2.3. Proxy Rings, Ring Masters, and Network Transparency

2.3.1. Proxy Rings

In a data data acquisition system we usually want several such computer systems to join the party. Data taken in one system must be made visible in near real-time to analysis software in other computer systems. This section describes the mechanism used by the NSCL Ring Buffer data acquisition system to accomplish this feat.

Each system that runs the ring buffer data acquisition system has a simple server process called the RingMaster. We'll talk more about the RingMaster and its role in the next section.

One role the ring master performs is to assist in hoisting data out of an local ring, sending it across the network to another system. This is done through a mechanism called a proxy ring which makes the semantics of getting data from a remote system identical to the semantics of getting data from a local system.

If a process attempts to open a ring buffer whose URL does not specify localhost as the hostname, the ring buffer DAQ system contacts the RingMaster in the target host and collaborates with it to create a local ring and a network pipeline that ships data from the ring in the remote host to the local proxy ring. Only the first consumer goes through the gymnastics of creating a proxy ring and subsequent consumers simply connect to the proxy as an additional consumer. In this way, network traffic between rings and their proxies are aggregated.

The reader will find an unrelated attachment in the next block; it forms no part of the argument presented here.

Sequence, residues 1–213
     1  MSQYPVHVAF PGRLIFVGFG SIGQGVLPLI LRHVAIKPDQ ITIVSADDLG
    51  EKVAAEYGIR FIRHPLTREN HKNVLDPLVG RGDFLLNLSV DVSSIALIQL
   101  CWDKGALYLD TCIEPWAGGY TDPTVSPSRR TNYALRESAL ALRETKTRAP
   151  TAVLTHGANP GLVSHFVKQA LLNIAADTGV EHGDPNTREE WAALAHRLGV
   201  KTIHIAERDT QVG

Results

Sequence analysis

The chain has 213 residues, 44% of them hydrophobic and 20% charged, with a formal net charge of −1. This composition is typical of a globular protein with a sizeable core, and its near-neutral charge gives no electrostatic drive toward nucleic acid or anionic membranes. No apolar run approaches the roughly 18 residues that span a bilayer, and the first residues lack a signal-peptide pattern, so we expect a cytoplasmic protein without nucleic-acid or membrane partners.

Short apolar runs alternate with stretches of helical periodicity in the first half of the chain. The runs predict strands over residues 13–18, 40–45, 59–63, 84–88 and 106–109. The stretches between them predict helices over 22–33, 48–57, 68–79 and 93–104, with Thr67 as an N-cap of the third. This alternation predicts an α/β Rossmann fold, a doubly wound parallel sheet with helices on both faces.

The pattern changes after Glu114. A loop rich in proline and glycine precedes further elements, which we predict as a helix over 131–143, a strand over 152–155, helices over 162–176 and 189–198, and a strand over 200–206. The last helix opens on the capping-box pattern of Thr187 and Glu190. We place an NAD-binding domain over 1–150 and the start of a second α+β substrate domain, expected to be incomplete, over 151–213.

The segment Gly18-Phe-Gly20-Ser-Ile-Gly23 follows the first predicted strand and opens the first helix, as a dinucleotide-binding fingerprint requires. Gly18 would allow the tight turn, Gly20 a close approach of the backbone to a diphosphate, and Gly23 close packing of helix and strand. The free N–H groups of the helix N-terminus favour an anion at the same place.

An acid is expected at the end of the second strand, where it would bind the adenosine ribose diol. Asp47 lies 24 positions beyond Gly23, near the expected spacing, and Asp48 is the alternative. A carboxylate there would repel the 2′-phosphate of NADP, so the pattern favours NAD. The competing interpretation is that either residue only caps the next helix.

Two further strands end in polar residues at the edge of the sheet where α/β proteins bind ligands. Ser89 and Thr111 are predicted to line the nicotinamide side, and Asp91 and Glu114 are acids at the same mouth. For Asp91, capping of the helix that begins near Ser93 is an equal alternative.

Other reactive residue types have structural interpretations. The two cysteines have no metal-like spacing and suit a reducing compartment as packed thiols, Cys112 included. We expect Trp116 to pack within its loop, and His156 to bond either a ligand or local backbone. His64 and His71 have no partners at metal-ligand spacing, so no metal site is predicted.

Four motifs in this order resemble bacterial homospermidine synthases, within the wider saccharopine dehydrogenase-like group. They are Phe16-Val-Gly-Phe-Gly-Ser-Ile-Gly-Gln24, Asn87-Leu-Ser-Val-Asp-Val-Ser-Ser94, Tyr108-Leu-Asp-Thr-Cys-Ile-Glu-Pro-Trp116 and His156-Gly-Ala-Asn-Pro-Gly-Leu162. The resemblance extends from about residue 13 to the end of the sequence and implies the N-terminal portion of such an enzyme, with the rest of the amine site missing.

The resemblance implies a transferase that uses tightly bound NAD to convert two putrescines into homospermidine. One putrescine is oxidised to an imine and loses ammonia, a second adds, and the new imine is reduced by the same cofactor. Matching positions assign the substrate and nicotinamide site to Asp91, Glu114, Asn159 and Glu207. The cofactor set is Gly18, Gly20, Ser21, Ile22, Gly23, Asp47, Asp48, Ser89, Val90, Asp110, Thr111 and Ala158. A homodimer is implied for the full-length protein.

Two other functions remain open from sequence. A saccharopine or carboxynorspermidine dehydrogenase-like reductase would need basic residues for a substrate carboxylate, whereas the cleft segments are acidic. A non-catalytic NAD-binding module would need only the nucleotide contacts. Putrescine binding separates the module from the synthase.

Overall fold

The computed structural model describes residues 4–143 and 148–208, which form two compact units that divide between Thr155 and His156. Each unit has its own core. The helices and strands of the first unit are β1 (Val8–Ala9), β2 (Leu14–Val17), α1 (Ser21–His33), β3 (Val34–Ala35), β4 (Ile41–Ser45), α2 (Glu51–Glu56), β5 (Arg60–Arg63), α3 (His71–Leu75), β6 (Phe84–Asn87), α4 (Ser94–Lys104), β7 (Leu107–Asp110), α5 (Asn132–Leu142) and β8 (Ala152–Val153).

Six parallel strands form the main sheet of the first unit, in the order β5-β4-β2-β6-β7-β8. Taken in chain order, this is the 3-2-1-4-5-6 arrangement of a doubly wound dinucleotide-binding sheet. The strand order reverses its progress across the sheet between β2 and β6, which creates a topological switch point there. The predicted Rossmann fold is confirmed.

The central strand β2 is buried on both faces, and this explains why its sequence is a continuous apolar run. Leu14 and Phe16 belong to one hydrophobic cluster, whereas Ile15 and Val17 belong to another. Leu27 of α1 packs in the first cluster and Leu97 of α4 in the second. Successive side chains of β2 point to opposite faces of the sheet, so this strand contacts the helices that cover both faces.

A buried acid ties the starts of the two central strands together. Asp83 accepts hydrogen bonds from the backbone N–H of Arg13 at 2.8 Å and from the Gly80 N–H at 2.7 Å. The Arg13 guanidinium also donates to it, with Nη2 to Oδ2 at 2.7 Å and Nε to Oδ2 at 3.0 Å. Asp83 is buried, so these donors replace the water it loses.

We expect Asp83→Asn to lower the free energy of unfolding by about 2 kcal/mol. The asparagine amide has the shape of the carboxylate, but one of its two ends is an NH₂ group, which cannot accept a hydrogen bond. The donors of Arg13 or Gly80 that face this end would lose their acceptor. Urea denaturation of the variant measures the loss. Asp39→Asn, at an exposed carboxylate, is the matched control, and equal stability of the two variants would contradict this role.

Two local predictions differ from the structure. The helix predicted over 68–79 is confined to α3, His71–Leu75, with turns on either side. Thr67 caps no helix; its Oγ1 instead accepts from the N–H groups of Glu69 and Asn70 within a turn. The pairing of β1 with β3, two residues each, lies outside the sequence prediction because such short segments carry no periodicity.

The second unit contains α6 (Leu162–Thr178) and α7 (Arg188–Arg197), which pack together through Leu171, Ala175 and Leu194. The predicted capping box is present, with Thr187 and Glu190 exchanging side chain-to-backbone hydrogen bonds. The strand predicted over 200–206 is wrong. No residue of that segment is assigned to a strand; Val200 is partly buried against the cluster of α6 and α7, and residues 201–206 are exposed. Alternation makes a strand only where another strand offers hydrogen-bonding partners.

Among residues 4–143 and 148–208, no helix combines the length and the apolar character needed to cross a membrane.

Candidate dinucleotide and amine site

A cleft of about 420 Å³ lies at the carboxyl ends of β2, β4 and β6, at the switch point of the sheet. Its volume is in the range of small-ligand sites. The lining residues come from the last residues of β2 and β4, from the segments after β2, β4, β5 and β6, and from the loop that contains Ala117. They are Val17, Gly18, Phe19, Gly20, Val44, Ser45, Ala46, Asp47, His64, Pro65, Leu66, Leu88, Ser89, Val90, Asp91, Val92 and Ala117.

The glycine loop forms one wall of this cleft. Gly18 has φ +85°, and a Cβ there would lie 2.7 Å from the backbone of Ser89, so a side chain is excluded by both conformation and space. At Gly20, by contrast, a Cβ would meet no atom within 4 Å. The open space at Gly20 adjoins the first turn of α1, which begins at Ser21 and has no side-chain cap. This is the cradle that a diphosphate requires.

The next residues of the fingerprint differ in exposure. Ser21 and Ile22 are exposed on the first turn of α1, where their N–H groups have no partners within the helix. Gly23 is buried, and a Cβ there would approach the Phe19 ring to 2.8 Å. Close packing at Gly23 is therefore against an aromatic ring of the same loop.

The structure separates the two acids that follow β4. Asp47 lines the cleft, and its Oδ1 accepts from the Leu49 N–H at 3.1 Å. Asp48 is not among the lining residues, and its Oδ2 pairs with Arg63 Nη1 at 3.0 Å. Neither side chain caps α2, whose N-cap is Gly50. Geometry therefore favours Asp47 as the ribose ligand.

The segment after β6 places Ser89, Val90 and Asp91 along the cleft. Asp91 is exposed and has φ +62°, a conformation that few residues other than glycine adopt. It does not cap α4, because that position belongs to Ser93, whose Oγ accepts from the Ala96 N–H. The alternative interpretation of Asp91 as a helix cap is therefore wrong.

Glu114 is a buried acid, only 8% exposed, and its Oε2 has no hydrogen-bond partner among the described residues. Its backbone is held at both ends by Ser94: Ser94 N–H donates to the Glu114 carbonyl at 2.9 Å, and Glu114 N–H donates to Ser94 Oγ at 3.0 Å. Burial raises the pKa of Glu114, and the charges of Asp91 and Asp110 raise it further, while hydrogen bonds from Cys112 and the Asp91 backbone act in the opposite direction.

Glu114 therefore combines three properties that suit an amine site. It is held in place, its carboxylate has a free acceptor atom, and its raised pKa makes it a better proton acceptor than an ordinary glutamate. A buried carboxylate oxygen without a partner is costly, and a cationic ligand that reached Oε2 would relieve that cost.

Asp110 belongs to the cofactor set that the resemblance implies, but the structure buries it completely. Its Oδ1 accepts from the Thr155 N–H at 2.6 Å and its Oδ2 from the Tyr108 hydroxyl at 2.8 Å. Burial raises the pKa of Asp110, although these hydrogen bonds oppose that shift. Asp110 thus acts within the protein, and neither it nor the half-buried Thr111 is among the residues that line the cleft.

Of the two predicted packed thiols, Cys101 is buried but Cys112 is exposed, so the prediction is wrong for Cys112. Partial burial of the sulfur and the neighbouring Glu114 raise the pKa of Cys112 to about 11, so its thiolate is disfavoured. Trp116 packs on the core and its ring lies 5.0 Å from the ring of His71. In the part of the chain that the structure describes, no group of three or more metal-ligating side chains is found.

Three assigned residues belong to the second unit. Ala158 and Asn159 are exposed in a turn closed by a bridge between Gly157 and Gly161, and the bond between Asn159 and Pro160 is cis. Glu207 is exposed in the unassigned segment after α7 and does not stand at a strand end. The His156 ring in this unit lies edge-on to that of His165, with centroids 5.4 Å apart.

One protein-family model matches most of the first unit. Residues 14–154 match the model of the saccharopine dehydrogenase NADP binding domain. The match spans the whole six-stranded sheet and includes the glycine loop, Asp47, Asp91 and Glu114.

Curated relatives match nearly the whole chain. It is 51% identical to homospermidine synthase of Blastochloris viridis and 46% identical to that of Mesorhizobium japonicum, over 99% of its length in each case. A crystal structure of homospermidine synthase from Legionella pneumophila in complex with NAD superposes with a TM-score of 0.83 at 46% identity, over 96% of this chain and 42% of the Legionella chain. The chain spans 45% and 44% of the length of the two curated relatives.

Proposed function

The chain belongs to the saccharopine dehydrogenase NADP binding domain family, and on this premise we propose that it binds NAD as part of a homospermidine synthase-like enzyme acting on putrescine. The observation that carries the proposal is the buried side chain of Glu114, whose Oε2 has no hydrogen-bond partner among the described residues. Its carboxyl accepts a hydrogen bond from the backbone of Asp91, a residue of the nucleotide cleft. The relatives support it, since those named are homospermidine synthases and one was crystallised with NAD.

A proxy ring has the local name hostname.remote-ringname where hostname is the host in which the 'real ring' is located and remote-ringname is the name of the real ring in hostname. Thus the proxy ring for tcp://spdaq42/fox will be tcp://localhost/spdaq42.fox.

2.3.2. The RingMaster server

All systems that run the Ring buffer data acquisition system also run a simple server called the RingMaster. The RingMaster performs the following functions:

The Ring buffer DAQ system has two types of clients. Producers and consumers. Recall that each ring can have at most one producer, and many consumers.

The ring master keeps track of which local processes are attached to a ring and whether or not a process is the producer or a consumer (actually a consumer could be consuming data from several rings, or even be more than one consumer on one ring).

When a client wants to obtain the put or a get pointer, it asks the ring master for one. It does so by opening a TCP/IP connection to the ring master and sending it a pointer request message. The ring master identifies the pointer it provides to the client. The client is then required to hold the TCP/IP connection open. If the TCP/IP connection closes, as it will normally if a process exits, the RingMaster releases the pointer that was associated with that connection.

In this way, ring buffers are immune to stalls that could occur if a pointer got orphaned.